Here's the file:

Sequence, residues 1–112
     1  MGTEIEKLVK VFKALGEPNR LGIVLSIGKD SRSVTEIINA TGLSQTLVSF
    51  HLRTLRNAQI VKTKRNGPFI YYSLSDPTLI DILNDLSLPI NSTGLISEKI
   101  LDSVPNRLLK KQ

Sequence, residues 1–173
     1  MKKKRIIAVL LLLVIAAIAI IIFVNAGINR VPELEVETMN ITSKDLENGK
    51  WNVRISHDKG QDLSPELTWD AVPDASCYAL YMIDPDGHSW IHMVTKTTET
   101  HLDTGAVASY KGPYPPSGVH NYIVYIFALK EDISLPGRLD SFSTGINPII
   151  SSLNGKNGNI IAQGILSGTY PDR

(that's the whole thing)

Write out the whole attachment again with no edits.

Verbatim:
Sequence, residues 1–112
     1  MGTEIEKLVK VFKALGEPNR LGIVLSIGKD SRSVTEIINA TGLSQTLVSF
    51  HLRTLRNAQI VKTKRNGPFI YYSLSDPTLI DILNDLSLPI NSTGLISEKI
   101  LDSVPNRLLK KQ

Sequence, residues 1–173
     1  MKKKRIIAVL LLLVIAAIAI IIFVNAGINR VPELEVETMN ITSKDLENGK
    51  WNVRISHDKG QDLSPELTWD AVPDASCYAL YMIDPDGHSW IHMVTKTTET
   101  HLDTGAVASY KGPYPPSGVH NYIVYIFALK EDISLPGRLD SFSTGINPII
   151  SSLNGKNGNI IAQGILSGTY PDR